3.2.1 Heart failure with preserved, mid-range and reduced ejection fraction . . . . . . . . . . . . . . . . . . . . . . . . . . . . . . . . 19 

ejection fraction . . . . . . . . . . . . . . . . . . . . . . . . . . . . 9 7.1 Objectives in the management of heart failure . . . . . . . 19


!

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3.2.2 Terminology related to the time course of heart 7.2 Treatments recommended in all symptomatic patients 4

"

failure . . . . . . . . . . . . . . . . . . . . . . . . . . . . . . . . . . 9 with heart failure with reduced ejection fraction . . . . . . . . . 20


5

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3.2.3 Terminology related to the symptomatic severity 7.2.1 Angiotensin-converting enzyme inhibitors . . . . . . . 20 0

of heart failure . . . . . . . . . . . . . . . . . . . . . . . . . . . . . 10 7.2.2 Beta-blockers . . . . . . . . . . . . . . . . . . . . . . . . . . 20 6

"

3.3 Epidemiology, aetiology and natural history of heart failure 10 7.2.3 Mineralocorticoid/aldosterone receptor antagonists . 20
0

3.4 Prognosis . . . . . . . . . . . . . . . . . . . . . . . . . . . . . . . 10 7.3 Other treatments recommended in selected symptomatic 

 

4. Diagnosis . . . . . . . . . . . . . . . . . . . . . . . . . . . . . . . . . . . 10 patients with heart failure with reduced ejection fraction . . . 20 

4.1 Symptoms and signs . . . . . . . . . . . . . . . . . . . . . . . . 10 7.3.1 Diuretics . . . . . . . . . . . . . . . . . . . . . . . . . . . . . 20


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4.2 Essential initial investigations: natriuretic peptides, 7.3.2 Angiotensin receptor neprilysin inhibitor . . . . . . . . 23 $

electrocardiogram, and echocardiography . . . . . . . . . . . . . 11 7.3.3 If - channel inhibitor . . . . . . . . . . . . . . . . . . . . . . 24


 &

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4.3 Algorithm for the diagnosis of heart failure . . . . . . . . . 12 7.3.4 Angiotensin II type I receptor blockers . . . . . . . . . 24
&

4.3.1 Algorithm for the diagnosis of heart failure in the 7.3.5 Combination of hydralazine and isosorbide *

non-acute setting . . . . . . . . . . . . . . . . . . . . . . . . . . . 12 dinitrate . . . . . . . . . . . . . . . . . . . . . . . . . . . . . . . . . 24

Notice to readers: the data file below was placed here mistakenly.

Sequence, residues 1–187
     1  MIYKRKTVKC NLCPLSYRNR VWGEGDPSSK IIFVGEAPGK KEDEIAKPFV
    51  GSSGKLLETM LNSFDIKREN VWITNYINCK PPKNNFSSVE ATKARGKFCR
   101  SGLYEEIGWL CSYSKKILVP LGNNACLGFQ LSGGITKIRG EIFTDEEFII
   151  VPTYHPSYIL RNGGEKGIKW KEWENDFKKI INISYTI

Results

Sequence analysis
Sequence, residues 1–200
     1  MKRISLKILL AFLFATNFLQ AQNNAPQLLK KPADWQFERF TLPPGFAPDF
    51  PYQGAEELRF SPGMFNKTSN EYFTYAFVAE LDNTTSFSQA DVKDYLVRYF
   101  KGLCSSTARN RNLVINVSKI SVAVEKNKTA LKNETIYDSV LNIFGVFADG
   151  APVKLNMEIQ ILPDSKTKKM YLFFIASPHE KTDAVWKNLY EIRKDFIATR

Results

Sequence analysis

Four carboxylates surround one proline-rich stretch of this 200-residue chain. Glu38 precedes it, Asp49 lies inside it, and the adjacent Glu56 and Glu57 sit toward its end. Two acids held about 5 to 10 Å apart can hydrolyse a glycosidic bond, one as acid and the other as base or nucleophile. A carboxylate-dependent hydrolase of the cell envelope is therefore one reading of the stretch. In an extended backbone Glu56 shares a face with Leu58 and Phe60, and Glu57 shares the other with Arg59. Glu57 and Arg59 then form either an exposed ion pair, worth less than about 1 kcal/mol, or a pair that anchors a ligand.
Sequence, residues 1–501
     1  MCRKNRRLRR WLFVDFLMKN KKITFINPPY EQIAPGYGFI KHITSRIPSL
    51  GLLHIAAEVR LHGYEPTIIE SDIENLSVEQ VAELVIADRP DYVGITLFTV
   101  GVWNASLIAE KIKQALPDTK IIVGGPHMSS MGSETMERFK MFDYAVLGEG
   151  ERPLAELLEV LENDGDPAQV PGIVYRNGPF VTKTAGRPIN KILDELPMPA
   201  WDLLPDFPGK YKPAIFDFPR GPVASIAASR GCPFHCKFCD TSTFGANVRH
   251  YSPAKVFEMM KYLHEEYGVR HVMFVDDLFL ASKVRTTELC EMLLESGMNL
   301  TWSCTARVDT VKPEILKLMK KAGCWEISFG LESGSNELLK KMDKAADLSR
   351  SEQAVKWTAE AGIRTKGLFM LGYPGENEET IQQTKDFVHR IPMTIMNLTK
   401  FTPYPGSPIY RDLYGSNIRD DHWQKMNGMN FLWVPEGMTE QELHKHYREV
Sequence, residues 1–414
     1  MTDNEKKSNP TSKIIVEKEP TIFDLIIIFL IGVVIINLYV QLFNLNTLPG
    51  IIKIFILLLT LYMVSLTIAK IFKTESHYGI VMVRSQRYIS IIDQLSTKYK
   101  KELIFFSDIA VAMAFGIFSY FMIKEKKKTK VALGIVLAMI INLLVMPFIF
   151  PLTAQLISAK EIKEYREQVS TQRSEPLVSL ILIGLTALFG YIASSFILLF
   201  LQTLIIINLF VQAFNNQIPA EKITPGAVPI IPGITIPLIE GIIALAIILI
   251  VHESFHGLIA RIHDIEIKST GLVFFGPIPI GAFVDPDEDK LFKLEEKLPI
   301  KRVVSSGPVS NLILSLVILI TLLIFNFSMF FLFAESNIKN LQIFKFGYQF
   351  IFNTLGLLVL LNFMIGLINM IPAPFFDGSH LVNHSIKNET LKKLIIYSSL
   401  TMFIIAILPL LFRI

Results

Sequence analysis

4.3.2 Diagnosis of heart failure with preserved ejection 7.4 Other treatments with less certain benefits in
fraction . . . . . . . . . . . . . . . . . . . . . . . . . . . . . . . . . 12 symptomatic patients with heart failure with reduced ejection
5. Cardiac imaging and other diagnostic tests . . . . . . . . . . . . . 14 fraction . . . . . . . . . . . . . . . . . . . . . . . . . . . . . . . . . . . 24
5.1 Chest X-ray . . . . . . . . . . . . . . . . . . . . . . . . . . . . . 14 7.4.1 Digoxin and other digitalis glycosides . . . . . . . . . . 24
5.2 Transthoracic echocardiography . . . . . . . . . . . . . . . . 14 7.4.2 n-3 polyunsaturated fatty acids . . . . . . . . . . . . . . 25
5.2.1 Assessment of left ventricular systolic function . . . . 14 7.5 Treatments not recommended (unproven benefit) in
5.2.2 Assessment of left ventricular diastolic function . . . 15 symptomatic patients with heart failure with reduced ejection
5.2.3 Assessment of right ventricular function and fraction . . . . . . . . . . . . . . . . . . . . . . . . . . . . . . . . . . . 25
pulmonary arterial pressure . . . . . . . . . . . . . . . . . . . . 15 7.5.1 3-Hydroxy-3-methylglutaryl-coenzyme A reductase
5.3 Transoesophageal echocardiography . . . . . . . . . . . . . 15 inhibitors (statins) . . . . . . . . . . . . . . . . . . . . . . . . . . 25
5.4 Stress echocardiography . . . . . . . . . . . . . . . . . . . . . 15 7.5.2 Oral anticoagulants and antiplatelet therapy . . . . . . 25
5.5 Cardiac magnetic resonance . . . . . . . . . . . . . . . . . . . 15 7.5.3 Renin inhibitors . . . . . . . . . . . . . . . . . . . . . . . . 25
5.6 Single-photon emission computed tomography and 7.6 Treatments not recommended (believed to cause harm)
radionuclide ventriculography . . . . . . . . . . . . . . . . . . . . . 15 in symptomatic patients with heart failure with reduced